2011-12-08 / Local & State

Amputation In Bus Crash ‘Excruciating’

PHILADELPHIA (AP) – An eastern Pennsylvania woman said having to decide whether doctors should amputate her teenage daughter's leg after she was run over by a school bus was “excruciating” and the “worst day ever of my life.”

Faced with that testimony, a Bucks County jury will begin deliberating Monday over how much that suffering is worth in dollars and cents.

Seeing her daughter awaken from a medically induced coma, Marguerite Zauflik said she apologized for approving the amputation six inches above the girl’s left knee.

“I'm sorry, I’m sorry,” Zauflik testified. “It was the only thing I could do to save your life.”

Zauflik and her daughter, Ashley, testified Friday and the jury is expected to get the case after their attorneys and those defending the Pennsbury School District make their closing arguments Monday.

The family wants at least $3 million in damages, plus compensation for pain and suffering from the district, which acknowledged liability this week, saying a driver error caused the crash on Jan. 12, 2007. Three days of testimony were then held to determine a damage amount.

The school district has offered $500,000 combined to settle claims by the Zauflik's and seven other students less seriously injured by the bus, saying the award is capped by a law limiting the liability of school districts and municipalities.

The family's lawyer, Tom Kline, argued the district isn't prohibited from paying more than the cap permits and said the Pennsylvania Supreme Court will likely end up hearing the case. The state's high court has not reviewed the cap since 1986, when its legality was upheld.

“This case will show what the community thinks the accident is worth,” Kline said. School district attorney David Cohen declined to comment outside the courtroom Friday.

Ashley Zauflik, now 22, was 17 when the bus dragged her under a tire and crushing her leg and hip. Kline's experts contend her lifetime medical expenses will be more than $3.2 million, mostly to cover prosthetic devices must be replaced and refitted during her lifetime, though an actuary said Zauflik's damages total more than $7 million when lost earnings and inflation are included.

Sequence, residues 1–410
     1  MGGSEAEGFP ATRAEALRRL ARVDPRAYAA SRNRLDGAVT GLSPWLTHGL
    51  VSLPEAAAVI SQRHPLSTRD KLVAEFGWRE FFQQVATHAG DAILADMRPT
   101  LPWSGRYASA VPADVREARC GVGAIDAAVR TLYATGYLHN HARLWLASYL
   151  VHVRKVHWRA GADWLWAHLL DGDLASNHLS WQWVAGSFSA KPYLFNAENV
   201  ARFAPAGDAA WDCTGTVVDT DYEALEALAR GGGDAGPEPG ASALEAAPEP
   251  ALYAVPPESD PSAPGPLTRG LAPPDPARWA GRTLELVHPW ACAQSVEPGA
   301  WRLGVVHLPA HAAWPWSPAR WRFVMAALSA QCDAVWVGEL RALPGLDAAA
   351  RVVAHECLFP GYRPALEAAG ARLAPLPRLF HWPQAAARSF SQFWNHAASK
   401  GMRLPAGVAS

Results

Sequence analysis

Zauflik has no memory of the accident, though she's struggled with depression because of the amputation. Her mother, though, testified that she'll never forget the ordeal that ensued after doctors explained they had to amputate the girl's leg to save her life.

“It was excruciating,” the mother testified. “It was the worst day ever of my life.”

Ashley Zauflik also testified, but only after her parents left the courtroom at her insistence so they wouldn't have to hear her painful testimony.

Asked to describe how she feels, Zauflik said, “Disfigured. Not the same. I have body issues I never had before.”

Bucks County Judge Robert Mellon also permitted the jury to closely examine the girl's remaining leg in another room, accompanied by the attorneys.

Zauflik said she's struggled with the idea that her leg's “not going to come back” and explained that her body continues to play tricks on her mind.

“You feel your leg still,” she testified. “Sometimes it itches. Sometimes it feels like your foot's moving. It messes up your head.”

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